From Satoshi Nakamoto to Digital 1984

Satoshi Nakamoto’s Bitcoin vision of a peer-to-peer payment system was aimed at eliminating trustworthy intermediaries. Since its world changing White Paper 2008 2008, innovators have made breakthroughs in terms of anonymity, programmability, and speed. DCEP takes Satoshi’s individual idea and creates something digital 1984. DCEP eschews distributed ledger technology or blockchain to verify transactions and distribute power. Instead, the PBOC reviews and monitors every transaction. As a Citi report explained:

At the heart of DCEP is its registration center which is managed by the PBOC in a centralized approach without the need for a blockchain consensus mechanism, so it can be more efficient.

Citi promotes “regulatory transparency” and “risk control” as advantages of DCEP over cash. The report further explains:

Each DCEP token has a standardized structure that contains information about user ID, transaction value, issuer, owner, etc. The information is updated with every transaction and stored in a centralized registration center managed by the PBOC. Hence, the PBOC would only need to extract information on a DCEP token to keep track of all underlying transactions. … DCEP will also solve difficulties in tracking cash transactions as the PBOC could easily extract transaction details of each DCEP payment from the central data repository and authorization point (to find out the true identity of the payer / payee).

According to Yaya J. Fanusie, Co-author of the CNAS report“Anyone who uses a digital yuan leaves their financial privacy pretty much directly to the Chinese government.” It doesn’t stop there. Extractable metadata extractable could pursue Movement of people and devices.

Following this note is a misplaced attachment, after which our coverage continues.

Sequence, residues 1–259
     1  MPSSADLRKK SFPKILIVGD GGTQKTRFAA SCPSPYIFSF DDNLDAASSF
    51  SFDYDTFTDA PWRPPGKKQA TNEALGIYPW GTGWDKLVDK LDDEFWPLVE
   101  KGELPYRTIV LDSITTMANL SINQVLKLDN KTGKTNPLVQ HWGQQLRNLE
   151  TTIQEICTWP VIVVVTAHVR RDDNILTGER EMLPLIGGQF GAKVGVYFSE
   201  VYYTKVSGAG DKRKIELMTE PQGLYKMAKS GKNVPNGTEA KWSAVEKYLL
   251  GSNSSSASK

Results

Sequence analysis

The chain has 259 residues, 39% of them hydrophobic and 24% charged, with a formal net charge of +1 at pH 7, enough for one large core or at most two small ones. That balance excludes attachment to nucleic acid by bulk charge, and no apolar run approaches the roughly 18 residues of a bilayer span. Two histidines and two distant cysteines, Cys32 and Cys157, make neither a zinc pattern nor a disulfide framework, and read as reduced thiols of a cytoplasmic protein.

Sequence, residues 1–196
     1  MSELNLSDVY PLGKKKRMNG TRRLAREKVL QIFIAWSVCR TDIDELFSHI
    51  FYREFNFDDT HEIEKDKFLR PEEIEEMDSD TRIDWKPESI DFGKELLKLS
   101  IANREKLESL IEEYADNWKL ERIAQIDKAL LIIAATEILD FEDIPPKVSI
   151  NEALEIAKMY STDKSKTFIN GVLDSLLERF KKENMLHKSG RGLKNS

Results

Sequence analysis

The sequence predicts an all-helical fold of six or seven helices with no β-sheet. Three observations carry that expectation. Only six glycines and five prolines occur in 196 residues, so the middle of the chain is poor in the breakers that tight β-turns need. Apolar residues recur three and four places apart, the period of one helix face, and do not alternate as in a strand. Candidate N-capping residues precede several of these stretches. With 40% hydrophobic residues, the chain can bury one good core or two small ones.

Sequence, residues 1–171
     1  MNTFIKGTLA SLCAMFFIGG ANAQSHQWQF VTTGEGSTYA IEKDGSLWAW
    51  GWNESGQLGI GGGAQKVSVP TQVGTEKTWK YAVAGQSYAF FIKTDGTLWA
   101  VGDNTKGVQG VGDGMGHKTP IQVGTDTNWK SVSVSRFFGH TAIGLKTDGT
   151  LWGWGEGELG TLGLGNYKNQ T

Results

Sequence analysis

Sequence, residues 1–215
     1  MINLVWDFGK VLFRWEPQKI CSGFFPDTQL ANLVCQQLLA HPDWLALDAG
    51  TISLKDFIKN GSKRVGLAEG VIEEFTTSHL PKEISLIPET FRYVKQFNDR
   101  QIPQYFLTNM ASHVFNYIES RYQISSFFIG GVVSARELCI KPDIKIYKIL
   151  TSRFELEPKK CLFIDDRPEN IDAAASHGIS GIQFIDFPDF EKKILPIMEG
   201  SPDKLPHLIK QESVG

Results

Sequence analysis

Money laundering and other financial crime can decline. And, as Citi has praised, the CCP will undoubtedly benefit from the efficiency, transparency and risk control of DCEP. But these virtues come with appalling compromises. It is complete real-time control of a population unprecedented in history.

China’s global ambitions

The PBOC is committed to exporting its CBDC model worldwide. This process would include acceptance by the Bank for International Settlements (BIS). Known as Bank for central banks, the BIS sets international currency standards. It is keen to avoid CBDC competition from private alternatives as it is readily admits. To do this, she understands the need to coordinate and set standards. Anyway, it recognizes that a collaboration of this magnitude will not be easy:

[A] single [internationally coordinated] The CBDC system raises a number of policy issues for central banks. The (joint) management of the set of rules and governance arrangements for the common system will be only one aspect. The wider implications of issuing a CBDC for monetary policy, financial stability and payments policy must be worked through for each central bank, which may require tradeoffs in the final design. Central banks, for example, have to check whether they are willing to cede some system control and monitoring functions to an operator for whom the governance arrangements would have to be (jointly) agreed. Negotiating these compromises between multiple central banks will be a challenge.

China sees opportunities in this troubled region. Chinese officials say privacy as it is now understood is out of date. It should be reinterpreted in “controlled anonymity“- that is, the parties involved can hide from each other, but never from the state. As Mu Changchun, current director of DCRI, recently noticed In a BIS speech, the BIS must weigh privacy against an “international consensus” on risk control. He further explained that the movements of the CBDC funds should be “synchronized” to help regulators “monitor transactions for compliance”. In other words, “controlled anonymity” for everyone.

The world is currently at a crossroads. While dissidents hacking themselves under authoritarian regimes use crypto to avoid persecution, China seeks to create a hegemonic financial system that oversees everyone. His growing economic power combined with his status as an early mover gives him a tremendous impact on the development of the CBDC landscape. The USA and the West must vigorously oppose this model not only out of economic self-interest, but also for the future of mankind.